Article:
Killed by a Rich Kid was produced for Channel 4 by Blakeway North, and was directed by Tom Reeves – who followed members of Makki’s family for months as they tried to come to terms with the teenager’s tragic eath, and campaign for further legal proceedings in order to find out how he died.
Speaking on the importance of the documentary, director Tom Reeves said: “Yousef’s tragic death has resonated with me ever since I first heard about it. Having grown up and spent my life not far from where his family live, I couldn’t help but feel connected to this tragic story.
“Yousef’s case raises uncomfortable questions about society and the justice system and his family have been left deeply affected by their experiences of this.
“Whilst filming with them, I have been struck by their determination in refusing to accept that justice was served in this case and their courage in campaigning to keep Yousef’s name alive.”
You can watch a replay of Killed by a Rich Kid on the Channel 4 website here.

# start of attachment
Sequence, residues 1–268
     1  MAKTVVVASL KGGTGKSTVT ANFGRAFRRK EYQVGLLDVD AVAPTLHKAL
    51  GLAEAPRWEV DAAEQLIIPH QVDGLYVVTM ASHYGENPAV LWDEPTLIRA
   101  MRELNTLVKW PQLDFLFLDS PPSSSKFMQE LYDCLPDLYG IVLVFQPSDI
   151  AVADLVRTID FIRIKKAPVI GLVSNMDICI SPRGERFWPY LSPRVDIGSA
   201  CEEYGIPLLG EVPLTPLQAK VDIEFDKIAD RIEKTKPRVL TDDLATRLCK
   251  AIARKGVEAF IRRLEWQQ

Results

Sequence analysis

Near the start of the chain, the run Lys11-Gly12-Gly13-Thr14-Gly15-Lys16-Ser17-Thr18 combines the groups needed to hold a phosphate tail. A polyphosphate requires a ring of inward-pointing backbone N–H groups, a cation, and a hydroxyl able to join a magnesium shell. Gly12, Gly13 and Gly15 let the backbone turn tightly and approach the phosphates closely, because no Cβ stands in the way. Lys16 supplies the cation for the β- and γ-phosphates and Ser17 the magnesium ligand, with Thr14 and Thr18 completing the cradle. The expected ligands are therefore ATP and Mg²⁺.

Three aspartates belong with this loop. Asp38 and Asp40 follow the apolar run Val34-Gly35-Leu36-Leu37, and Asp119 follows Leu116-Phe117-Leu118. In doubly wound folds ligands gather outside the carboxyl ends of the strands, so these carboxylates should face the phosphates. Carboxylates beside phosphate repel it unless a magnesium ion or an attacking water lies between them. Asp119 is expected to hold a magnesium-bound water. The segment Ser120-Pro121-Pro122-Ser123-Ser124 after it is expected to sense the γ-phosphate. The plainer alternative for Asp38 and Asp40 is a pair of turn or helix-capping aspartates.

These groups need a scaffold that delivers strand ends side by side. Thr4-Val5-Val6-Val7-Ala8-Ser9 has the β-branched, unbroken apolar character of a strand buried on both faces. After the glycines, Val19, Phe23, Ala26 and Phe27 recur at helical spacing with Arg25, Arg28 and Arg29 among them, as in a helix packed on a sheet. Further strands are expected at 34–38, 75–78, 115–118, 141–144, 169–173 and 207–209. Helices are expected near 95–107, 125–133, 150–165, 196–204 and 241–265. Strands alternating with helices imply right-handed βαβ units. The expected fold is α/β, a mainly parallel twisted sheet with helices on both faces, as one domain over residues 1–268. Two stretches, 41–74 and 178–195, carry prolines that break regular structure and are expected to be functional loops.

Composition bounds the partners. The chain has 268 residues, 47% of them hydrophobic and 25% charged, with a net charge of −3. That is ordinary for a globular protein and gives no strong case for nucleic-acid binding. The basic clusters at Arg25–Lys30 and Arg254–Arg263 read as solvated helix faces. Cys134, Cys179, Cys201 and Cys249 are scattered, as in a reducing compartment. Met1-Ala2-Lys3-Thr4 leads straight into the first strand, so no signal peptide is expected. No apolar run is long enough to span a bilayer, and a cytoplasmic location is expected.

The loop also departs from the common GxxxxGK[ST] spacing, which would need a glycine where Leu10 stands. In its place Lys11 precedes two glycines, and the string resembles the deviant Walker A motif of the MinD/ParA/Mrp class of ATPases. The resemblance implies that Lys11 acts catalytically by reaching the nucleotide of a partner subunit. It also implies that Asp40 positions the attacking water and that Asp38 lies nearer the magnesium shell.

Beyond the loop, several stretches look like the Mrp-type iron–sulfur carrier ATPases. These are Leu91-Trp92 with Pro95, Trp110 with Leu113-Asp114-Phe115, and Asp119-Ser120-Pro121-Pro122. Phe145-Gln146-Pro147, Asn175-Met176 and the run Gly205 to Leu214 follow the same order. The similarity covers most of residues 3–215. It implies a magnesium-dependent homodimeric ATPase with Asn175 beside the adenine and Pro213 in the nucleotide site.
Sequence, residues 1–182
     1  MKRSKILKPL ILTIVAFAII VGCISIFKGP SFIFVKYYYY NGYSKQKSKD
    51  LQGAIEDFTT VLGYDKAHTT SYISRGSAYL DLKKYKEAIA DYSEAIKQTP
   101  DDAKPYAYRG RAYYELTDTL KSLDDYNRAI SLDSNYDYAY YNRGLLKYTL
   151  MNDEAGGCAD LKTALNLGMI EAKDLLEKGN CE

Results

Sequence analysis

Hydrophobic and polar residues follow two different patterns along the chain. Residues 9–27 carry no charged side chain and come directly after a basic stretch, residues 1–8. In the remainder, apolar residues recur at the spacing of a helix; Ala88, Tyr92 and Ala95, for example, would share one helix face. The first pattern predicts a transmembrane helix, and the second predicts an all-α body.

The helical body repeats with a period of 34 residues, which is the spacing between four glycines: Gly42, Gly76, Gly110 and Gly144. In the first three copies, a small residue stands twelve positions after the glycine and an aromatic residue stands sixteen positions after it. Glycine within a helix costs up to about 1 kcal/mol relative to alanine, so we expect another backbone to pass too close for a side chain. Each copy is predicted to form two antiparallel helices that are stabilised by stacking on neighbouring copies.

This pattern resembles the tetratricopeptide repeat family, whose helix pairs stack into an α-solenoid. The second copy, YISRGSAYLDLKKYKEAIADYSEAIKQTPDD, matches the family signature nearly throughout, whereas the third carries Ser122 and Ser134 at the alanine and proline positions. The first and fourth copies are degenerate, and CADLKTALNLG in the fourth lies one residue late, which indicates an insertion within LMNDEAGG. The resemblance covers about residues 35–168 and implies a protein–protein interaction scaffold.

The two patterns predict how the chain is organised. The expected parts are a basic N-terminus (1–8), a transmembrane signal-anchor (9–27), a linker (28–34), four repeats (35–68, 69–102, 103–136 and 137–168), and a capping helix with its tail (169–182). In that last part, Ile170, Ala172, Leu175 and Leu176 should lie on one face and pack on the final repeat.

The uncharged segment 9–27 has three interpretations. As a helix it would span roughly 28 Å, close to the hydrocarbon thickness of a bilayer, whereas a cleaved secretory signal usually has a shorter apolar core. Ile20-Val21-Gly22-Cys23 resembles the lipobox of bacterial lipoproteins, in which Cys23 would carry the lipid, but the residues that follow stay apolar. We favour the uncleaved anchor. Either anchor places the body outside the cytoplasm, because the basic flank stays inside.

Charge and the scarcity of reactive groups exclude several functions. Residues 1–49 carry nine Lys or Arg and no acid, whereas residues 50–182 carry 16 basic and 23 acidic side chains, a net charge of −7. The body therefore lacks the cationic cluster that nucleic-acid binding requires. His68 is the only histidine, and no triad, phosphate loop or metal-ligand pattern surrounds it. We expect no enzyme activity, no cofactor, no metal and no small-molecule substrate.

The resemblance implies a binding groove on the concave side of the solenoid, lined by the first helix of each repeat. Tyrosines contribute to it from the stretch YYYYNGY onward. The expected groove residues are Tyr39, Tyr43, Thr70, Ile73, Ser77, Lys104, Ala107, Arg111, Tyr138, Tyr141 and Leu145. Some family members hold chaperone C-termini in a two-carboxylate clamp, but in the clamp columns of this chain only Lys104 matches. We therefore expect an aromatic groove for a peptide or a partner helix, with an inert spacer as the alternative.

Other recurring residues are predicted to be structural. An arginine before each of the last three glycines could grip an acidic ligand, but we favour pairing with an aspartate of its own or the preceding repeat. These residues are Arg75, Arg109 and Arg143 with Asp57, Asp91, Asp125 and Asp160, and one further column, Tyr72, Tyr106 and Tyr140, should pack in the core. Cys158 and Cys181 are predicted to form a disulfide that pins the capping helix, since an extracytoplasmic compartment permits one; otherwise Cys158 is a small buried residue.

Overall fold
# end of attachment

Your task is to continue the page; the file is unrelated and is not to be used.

Featured Image – Channel 4
Army ‘on standby’ as UK prepares for more postal, rail, lecturer and nurses strikes in December
The armed forces are said to be “on standby” to help fill various roles ahead of a new raft of strikes across health, education and postal sectors this month.
Royal Mail workers, university lecturers and sixth-form college staff are committed to walking out over pay disputes on Wednesday, 30 November as various organised strikes persist across the country.
Countless employees from various industries who feel they are underappreciated and underpaid are set to join the ongoing rail strikes, as well as the thousands of nurses expected to follow suit on the picket line throughout December.